How can technology enable collaborative and multi-agency working

The life of a crime analyst is a complex one. Responsible for piecing clues together and linking cases; it takes a logical mind and intense concentration. It’s also time consuming, as reading through reports and making links is not a quick job. Whilst digital databases have made the process infinitely quicker, crime analysts are still fighting with one hand behind their backs, so to speak. As despite holding a wealth of information, these databases aren’t connected, meaning every time an analyst wants to run a search, invariably, it means over 70 individual searches across 40-50 separate databases. 

It’s hard to believe that in 2020 our key public services operate in this disparate way. It is perhaps understandable on an interagency basis due to the sensitivity of the information, but we must provide this critical public function the ability to speed up operations. On a granular level for analysts, this division means different databases for number plate checks (ANPR), background checks or location analysis – all of which are housed separately. Just think how much time, effort and opportunity is lost thanks to this disparate approach?  

Poor data protection practices are creeping in as a result. In a desperate attempt for efficiency, screen shots taken on phones are now commonplace as they’re added to reports. The fact that this information is not centralised is maddening in today’s technologically advanced age.  

As the UK moves towards adopting smart cities and infrastructure, this must be reflected in how we run our public services. This means agencies and departments helping each other. We all know that the police national database is available for shared intelligence, but local forces favour their own databases – this hoarding of information on a local level needs to stop. We’ve seen the success of data sharing (county drug lines) so why can’t this be replicated more often? It could be used in the fight against knife crime, and better inform officers of what they might be facing at a crime scene.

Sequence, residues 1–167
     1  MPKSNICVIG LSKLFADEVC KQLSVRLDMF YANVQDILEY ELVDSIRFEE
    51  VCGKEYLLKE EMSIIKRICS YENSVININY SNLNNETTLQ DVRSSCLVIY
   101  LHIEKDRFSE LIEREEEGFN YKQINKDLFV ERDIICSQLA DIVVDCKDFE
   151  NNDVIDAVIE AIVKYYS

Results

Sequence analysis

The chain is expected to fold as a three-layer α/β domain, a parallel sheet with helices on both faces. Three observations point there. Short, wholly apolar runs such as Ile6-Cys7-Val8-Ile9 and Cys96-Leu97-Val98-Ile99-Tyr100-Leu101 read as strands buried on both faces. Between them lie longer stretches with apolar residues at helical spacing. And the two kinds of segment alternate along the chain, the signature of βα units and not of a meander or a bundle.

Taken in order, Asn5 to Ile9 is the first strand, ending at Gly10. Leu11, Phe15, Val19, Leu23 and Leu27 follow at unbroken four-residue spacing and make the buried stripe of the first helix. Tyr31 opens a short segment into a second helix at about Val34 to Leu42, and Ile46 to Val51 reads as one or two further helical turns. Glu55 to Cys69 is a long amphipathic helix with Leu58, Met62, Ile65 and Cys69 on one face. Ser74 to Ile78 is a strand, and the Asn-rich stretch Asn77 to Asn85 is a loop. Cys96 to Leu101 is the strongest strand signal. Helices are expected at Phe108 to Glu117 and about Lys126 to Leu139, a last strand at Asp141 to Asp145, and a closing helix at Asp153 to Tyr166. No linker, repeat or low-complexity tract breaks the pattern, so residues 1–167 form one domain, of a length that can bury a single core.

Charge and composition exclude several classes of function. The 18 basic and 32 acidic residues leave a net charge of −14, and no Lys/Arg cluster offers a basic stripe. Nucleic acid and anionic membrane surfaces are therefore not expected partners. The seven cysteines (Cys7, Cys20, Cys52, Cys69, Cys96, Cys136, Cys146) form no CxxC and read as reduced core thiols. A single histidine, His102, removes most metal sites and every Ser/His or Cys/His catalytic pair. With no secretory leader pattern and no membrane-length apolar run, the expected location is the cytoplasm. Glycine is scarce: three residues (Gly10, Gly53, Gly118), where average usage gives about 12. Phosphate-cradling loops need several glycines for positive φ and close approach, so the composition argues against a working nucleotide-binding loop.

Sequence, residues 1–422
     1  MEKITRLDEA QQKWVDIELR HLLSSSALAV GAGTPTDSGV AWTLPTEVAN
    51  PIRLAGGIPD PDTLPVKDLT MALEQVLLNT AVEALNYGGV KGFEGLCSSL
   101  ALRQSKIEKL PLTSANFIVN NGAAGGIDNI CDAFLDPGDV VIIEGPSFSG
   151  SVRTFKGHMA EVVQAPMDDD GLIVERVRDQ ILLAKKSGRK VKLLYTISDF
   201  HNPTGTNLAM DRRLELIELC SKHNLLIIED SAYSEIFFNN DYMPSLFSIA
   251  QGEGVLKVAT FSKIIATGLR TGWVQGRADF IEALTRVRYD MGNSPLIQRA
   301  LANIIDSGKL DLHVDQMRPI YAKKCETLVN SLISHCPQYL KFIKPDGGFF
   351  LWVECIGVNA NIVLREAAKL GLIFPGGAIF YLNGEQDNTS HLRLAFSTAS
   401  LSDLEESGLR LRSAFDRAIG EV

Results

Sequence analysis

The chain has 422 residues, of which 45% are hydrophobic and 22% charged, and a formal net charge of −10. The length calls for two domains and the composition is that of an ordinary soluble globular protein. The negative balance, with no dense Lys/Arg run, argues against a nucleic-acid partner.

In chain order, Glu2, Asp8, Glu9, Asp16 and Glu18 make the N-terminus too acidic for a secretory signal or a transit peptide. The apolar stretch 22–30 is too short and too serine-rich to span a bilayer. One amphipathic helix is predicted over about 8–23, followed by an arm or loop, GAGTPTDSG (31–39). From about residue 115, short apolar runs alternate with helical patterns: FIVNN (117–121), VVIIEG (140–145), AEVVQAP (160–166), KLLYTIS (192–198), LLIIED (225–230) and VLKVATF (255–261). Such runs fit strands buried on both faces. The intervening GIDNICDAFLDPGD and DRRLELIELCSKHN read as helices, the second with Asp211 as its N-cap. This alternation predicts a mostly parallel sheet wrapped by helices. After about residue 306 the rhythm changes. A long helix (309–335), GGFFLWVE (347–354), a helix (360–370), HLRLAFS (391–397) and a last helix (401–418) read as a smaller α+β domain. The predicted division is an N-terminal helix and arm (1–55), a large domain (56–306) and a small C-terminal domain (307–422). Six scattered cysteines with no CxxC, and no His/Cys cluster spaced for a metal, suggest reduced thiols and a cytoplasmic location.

Enabling analysts to pull information in one action – pulling disparate databases into one report will help them spot trends quicker, meaning they can advise officers instantaneously whether they should take more care than normal. Granted, some crimes (the worst and most distressing) should not be accessible to all, but with fine grain access control (FGAC), redaction is possible for those below the authorised level. 

Getting computers to do the heavy lifting will help drive the UK forward in the ever-present fight against crime. With greater efficiencies and insights, police forces can use their resources where they’re needed, driving their efficacy. Plus, with a unified approach, computers can help analysts spot vital trends quicker, driving instances of crime prevention, which is arguably more valuable than making an arrest.  

Despite the imminent increase in officers, our security services are stretched thin with a growing threatscape and bad actors on a physical and digital front. Only by uniting operations and working together can this threat be countered effectively, and technology is the fulcrum that this must be built on.  

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